By Tim Condon,BBC NewsIn the United States, Honda Motor and Honda Motor Manufacturing have settled a federal civil rights lawsuit filed by three individuals claiming that they were discriminated against in employment because of their race, gender and disability.
The lawsuit alleges that the discrimination was perpetrated by the company’s CEO and the president of Honda Motor, which has about 8,000 employees in the US.
The case is the largest to be brought under the federal Fair Employment and Housing Act in US history.
In 2015, Honda filed a complaint with the Equal Employment Opportunity Commission (EEOC) and the National Labor Relations Board (NLRB) alleging discrimination against its employees on the basis of race, sex and disability, which the EEOC ruled on in October.
The EEOC alleged that Honda violated Title VII of the Civil Rights Act of 1964, which prohibits employers from discriminating against employees on their race or national origin, on the grounds of their job qualifications.
The NLRB found in July 2016 that Honda’s CEO, Tadashi Masuda, and his wife, Satsuki Masuda – a Honda executive who is also a former US attorney – discriminated against employees in hiring, promotions, promotions pay and compensation.
Mr Masuda has since resigned as Honda’s president and CEO.
The Masuda family has said it plans to settle the suit out of court.
The deal is expected to close by the end of the year, and the companies have said they will use the settlement funds to support programs and initiatives in their local communities.
The company has also agreed to pay $50m to settle a lawsuit brought by former employees who were fired over a false claim that they had suffered a fatal heart attack at work.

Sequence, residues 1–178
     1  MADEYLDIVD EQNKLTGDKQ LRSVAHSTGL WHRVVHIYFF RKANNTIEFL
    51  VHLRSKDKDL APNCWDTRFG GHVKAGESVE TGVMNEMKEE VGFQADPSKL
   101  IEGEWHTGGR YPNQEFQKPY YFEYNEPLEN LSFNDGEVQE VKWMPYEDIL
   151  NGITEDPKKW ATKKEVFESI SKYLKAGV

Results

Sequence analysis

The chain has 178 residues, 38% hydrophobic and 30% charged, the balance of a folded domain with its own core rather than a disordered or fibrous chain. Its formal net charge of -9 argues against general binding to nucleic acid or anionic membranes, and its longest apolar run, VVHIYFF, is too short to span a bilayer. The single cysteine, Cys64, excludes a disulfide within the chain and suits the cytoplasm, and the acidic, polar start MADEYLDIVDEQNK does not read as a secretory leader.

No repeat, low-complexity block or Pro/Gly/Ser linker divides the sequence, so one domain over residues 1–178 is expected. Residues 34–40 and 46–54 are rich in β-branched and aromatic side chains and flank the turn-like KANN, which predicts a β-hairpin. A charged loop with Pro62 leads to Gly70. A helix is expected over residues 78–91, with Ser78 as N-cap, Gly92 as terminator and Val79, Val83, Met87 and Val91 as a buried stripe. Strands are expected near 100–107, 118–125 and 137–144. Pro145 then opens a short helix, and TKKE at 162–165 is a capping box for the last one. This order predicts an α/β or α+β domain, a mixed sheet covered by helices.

The workers alleged that they experienced severe stress related to the false claim, including the loss of their jobs and medical bills, and that Honda and the Masuda had retaliated against them.
The former employees are seeking compensatory damages of $200,000 and punitive damages of up to $2.5bn.
A spokesperson for Honda said: “Honda has taken full responsibility for the circumstances that led to these adverse workplace decisions and the company is committed to supporting our local communities and helping them overcome their adversity.”
Mr Masud has said he has apologised to the Masud family.
The companies had initially said that the case would go to trial, but the parties have since agreed to settle it out of federal court.
“We’ve always said that this will be the first and last case we take to court in the United.
We’ve got to work with our federal partners,” said Mr Masud in a statement to the BBC.
Honda also announced a $1.8bn settlement with former workers of a company that has been accused of systematically discriminating against female and African American employees.
The $500m settlement covers claims related to a $600m class action settlement that took place in 2011 in which more than 700 women claimed they had been fired or denied promotions because of gender or race.
Hondas decision to settle was welcomed by some industry figures.
“I’m proud that Honda has accepted responsibility for these actions, which are a violation of the law, and will be used as a catalyst to change how employers handle and treat their diverse workforce,” said Tom Barr, chairman of the US Automotive Council, a trade association for the automotive industry.
“The settlement gives Honda a long-overdue win and the opportunity to move beyond this shameful past and continue its efforts to bring fairness and respect to the workplace.”